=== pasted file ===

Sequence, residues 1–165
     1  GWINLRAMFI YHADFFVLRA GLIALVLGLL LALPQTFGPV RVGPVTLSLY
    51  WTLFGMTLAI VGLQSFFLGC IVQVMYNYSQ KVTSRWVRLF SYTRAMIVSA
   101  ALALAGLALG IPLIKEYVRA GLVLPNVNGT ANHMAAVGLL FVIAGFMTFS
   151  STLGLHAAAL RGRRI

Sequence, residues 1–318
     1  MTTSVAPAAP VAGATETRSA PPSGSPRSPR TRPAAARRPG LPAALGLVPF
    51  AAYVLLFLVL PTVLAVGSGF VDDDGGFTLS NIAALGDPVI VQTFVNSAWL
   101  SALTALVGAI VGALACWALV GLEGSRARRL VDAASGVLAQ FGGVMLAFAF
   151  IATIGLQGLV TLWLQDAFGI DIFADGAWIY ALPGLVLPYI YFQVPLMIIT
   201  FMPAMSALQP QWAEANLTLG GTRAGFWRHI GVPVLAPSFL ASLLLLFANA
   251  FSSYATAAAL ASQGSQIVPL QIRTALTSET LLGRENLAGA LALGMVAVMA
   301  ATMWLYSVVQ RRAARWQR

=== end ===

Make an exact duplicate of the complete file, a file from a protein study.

Sequence, residues 1–165
     1  GWINLRAMFI YHADFFVLRA GLIALVLGLL LALPQTFGPV RVGPVTLSLY
    51  WTLFGMTLAI VGLQSFFLGC IVQVMYNYSQ KVTSRWVRLF SYTRAMIVSA
   101  ALALAGLALG IPLIKEYVRA GLVLPNVNGT ANHMAAVGLL FVIAGFMTFS
   151  STLGLHAAAL RGRRI

Sequence, residues 1–318
     1  MTTSVAPAAP VAGATETRSA PPSGSPRSPR TRPAAARRPG LPAALGLVPF
    51  AAYVLLFLVL PTVLAVGSGF VDDDGGFTLS NIAALGDPVI VQTFVNSAWL
   101  SALTALVGAI VGALACWALV GLEGSRARRL VDAASGVLAQ FGGVMLAFAF
   151  IATIGLQGLV TLWLQDAFGI DIFADGAWIY ALPGLVLPYI YFQVPLMIIT
   201  FMPAMSALQP QWAEANLTLG GTRAGFWRHI GVPVLAPSFL ASLLLLFANA
   251  FSSYATAAAL ASQGSQIVPL QIRTALTSET LLGRENLAGA LALGMVAVMA
   301  ATMWLYSVVQ RRAARWQR